This is going to be somewhat brief because there’s a pretty big non-baseball sporting event today and the Cubs have done very little to spur legitimate analysis. So while I can’t avoid regurgitating some of what we’ve already covered, I can at least try to repackage it to some extent. As someone who spends way too much time researching BBCOR bats, this is like checking out a new paint scheme on my son’s preferred Warstic Bonesaber.
As frivolous as it may seem, I do actually find merit in this exercise because it’s worthwhile when multiple people are arriving at the same conclusions. That’s why it was at least mildly interesting to see Sahadev Sharma and Patrick Mooney arrive at the same 85 win total I had cited as the Cubs’ theoretical target for 2024. Some of that comes down to the NL Central’s general meh outlook, then there’s the idea of 85 being a number that’s high enough over .500 without being any sort of stretch.
That said, the Cubs only had 83 wins with a big season from current free agent Cody Bellinger. As has become painfully obvious based on every single report and insinuation, the two sides are entrenched with a significant no man’s land between them. Cubs Insider was told back in that the Cubs were unwilling to move from their (informal) offer, but it’s also clear that no teams are going to reach the presumed $200 million demand from Scott Boras.
Recent speculation has the likelihood of a reunion shrinking while the possibility of signing at least one Boras client remains significant. That all comes down to the front office being opportunistic while staying true to the value model that has guided decisions to this point. It doesn’t seem as though the Cubs will get desperate, so it comes down to whether Boras and/or one of his big free agents blinks and accepts a deal for far less than initially projected.
I still tab Bellinger and Jordan Montgomery as the most likely candidates for such a situation, if only because the lack of qualifying offer compensation fits more easily with the Cubs’ numbers.
Part of the front office’s confidence — even if it’s rooted in a fake-it-till-you-make-it mentality — is the wealth of options at the corners and center field. Pete Crow-Armstrong won’t and can’t replace Bellinger’s offense, but the glove is better and his bat could be Bellinger Light as Jeff Passan noted. Michael Busch should provide lefty pop at first, allowing the Cubs to platoon Patrick Wisdom there when he’s not at third.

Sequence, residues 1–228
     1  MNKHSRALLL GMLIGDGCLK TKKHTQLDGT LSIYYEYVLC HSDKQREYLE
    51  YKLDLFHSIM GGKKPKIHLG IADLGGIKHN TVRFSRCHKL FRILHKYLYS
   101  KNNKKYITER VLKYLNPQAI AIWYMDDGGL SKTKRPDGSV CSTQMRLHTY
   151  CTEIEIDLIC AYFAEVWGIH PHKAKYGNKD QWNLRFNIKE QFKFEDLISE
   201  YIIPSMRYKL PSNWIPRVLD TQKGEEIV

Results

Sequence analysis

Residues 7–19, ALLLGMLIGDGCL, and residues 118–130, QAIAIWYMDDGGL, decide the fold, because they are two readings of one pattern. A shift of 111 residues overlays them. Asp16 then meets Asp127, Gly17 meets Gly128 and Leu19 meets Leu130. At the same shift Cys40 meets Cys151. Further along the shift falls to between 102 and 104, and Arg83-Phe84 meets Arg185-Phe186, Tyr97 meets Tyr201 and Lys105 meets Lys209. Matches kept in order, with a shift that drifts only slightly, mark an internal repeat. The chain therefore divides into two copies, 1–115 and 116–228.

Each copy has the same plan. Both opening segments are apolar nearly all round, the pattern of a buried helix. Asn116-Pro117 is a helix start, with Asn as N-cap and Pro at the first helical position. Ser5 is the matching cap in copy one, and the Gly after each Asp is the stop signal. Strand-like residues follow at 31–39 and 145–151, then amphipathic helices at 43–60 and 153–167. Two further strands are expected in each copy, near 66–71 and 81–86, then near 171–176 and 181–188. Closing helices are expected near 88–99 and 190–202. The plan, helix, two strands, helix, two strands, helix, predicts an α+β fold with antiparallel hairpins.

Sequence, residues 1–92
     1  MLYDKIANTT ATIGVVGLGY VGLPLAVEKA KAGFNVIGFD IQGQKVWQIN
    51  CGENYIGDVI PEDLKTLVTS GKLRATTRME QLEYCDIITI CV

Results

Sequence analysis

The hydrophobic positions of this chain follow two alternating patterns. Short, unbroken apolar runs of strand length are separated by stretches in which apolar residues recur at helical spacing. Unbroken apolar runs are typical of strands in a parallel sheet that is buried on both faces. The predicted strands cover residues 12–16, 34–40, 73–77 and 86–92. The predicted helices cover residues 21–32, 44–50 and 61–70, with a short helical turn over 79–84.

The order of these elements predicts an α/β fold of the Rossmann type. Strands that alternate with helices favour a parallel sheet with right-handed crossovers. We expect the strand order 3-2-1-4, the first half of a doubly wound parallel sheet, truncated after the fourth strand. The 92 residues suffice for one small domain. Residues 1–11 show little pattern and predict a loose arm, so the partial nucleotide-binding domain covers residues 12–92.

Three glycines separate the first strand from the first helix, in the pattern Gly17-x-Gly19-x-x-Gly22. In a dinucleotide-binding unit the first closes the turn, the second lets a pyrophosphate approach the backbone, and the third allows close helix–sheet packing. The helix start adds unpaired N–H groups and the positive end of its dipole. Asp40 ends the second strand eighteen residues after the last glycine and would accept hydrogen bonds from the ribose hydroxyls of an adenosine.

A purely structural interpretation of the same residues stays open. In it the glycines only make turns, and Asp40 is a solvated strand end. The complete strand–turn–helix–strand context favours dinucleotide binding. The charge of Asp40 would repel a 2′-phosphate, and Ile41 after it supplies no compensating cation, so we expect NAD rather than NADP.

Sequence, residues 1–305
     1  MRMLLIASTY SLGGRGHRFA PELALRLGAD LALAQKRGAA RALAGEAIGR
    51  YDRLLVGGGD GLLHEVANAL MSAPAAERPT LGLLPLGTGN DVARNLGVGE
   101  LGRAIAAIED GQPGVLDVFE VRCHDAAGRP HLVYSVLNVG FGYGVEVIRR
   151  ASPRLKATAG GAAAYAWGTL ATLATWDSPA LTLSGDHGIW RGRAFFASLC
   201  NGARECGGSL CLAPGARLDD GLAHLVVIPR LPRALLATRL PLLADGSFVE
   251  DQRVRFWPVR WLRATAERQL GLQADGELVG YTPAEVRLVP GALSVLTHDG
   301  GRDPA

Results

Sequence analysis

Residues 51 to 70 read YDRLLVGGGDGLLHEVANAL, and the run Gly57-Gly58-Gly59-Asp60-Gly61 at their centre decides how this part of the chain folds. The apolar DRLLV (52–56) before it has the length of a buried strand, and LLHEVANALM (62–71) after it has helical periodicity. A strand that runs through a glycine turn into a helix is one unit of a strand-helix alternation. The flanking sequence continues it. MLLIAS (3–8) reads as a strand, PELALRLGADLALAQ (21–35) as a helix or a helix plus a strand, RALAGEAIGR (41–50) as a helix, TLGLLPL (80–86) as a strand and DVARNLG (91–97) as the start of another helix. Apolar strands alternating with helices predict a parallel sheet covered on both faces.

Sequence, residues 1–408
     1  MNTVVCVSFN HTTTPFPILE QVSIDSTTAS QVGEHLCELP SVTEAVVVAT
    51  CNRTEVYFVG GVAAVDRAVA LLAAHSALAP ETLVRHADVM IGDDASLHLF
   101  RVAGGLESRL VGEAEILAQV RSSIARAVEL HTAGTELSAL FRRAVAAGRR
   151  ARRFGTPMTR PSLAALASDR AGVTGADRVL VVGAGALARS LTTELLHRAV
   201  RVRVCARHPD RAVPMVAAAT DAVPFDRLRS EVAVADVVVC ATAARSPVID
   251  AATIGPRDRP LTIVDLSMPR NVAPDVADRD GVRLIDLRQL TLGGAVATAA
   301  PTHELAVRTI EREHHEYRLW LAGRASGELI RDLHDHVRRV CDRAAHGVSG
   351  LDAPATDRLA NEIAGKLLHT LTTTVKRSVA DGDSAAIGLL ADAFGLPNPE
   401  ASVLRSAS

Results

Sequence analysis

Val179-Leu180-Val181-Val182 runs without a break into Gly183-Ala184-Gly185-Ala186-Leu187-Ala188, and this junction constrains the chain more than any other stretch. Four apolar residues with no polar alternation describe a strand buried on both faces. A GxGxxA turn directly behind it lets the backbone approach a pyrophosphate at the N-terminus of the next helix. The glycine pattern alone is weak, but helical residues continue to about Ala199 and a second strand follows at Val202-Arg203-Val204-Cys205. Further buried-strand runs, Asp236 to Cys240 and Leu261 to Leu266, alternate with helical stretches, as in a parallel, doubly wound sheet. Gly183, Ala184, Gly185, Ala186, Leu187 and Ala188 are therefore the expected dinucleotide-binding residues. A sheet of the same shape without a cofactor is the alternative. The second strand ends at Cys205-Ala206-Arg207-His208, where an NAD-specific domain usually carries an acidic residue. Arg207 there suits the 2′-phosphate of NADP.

Wait, wasn’t Christopher Morel supposed to get time at the corners? He was, yes, but I think that was as much about trying to placate him over the winter with the real intent being to keep him as the primary DH. Sharma and Mooney indicated as much in that aforementioned piece, noting that the Cubs need spots for Wisdom and Nick Madrigal among others.
Morel should still move around, of course, but it’s hard to see him carving out significant playing time at any one spot in the field due to the number other other options. One of those is Matt Shaw, who received a non-roster invitation to big league camp and could find himself in Chicago by the end of the year.
The final thought here, and this is once again something many of us have harped on for a while, is that the Cubs have an opportunity to get better without significant cost to their future. With several strong free agents remaining and multiple prospects getting closer to the majors, it’s a matter of striking a balance and shoring up positions of need. As much as we’d all like to see the young guys succeed, it’s simply not possible from a practical standpoint.
I’m not just talking about the reality that not all prospects will pan out, but also the idea that you can’t roster 30 players just to have a six-man outfield comprised wholly of homegrown talent. Some of those kids will have to be moved, a process that becomes easier if you know they’re “blocked” by a veteran. With spring training right around the corner, however, a big signing feels far more likely than a trade.
Only three more days until pitchers and catchers report, so maybe we’ll finally, mercifully, be able to discuss something more tangible.